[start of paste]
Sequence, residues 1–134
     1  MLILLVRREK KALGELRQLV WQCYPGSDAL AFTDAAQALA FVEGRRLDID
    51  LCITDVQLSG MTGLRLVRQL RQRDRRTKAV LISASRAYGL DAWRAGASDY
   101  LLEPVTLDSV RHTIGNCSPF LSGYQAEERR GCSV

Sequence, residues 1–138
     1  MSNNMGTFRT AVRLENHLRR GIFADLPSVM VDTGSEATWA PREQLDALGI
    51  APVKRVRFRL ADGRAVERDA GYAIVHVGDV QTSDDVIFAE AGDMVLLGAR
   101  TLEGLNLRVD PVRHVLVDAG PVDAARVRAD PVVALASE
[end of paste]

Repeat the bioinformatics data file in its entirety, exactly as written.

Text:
Sequence, residues 1–134
     1  MLILLVRREK KALGELRQLV WQCYPGSDAL AFTDAAQALA FVEGRRLDID
    51  LCITDVQLSG MTGLRLVRQL RQRDRRTKAV LISASRAYGL DAWRAGASDY
   101  LLEPVTLDSV RHTIGNCSPF LSGYQAEERR GCSV

Sequence, residues 1–138
     1  MSNNMGTFRT AVRLENHLRR GIFADLPSVM VDTGSEATWA PREQLDALGI
    51  APVKRVRFRL ADGRAVERDA GYAIVHVGDV QTSDDVIFAE AGDMVLLGAR
   101  TLEGLNLRVD PVRHVLVDAG PVDAARVRAD PVVALASE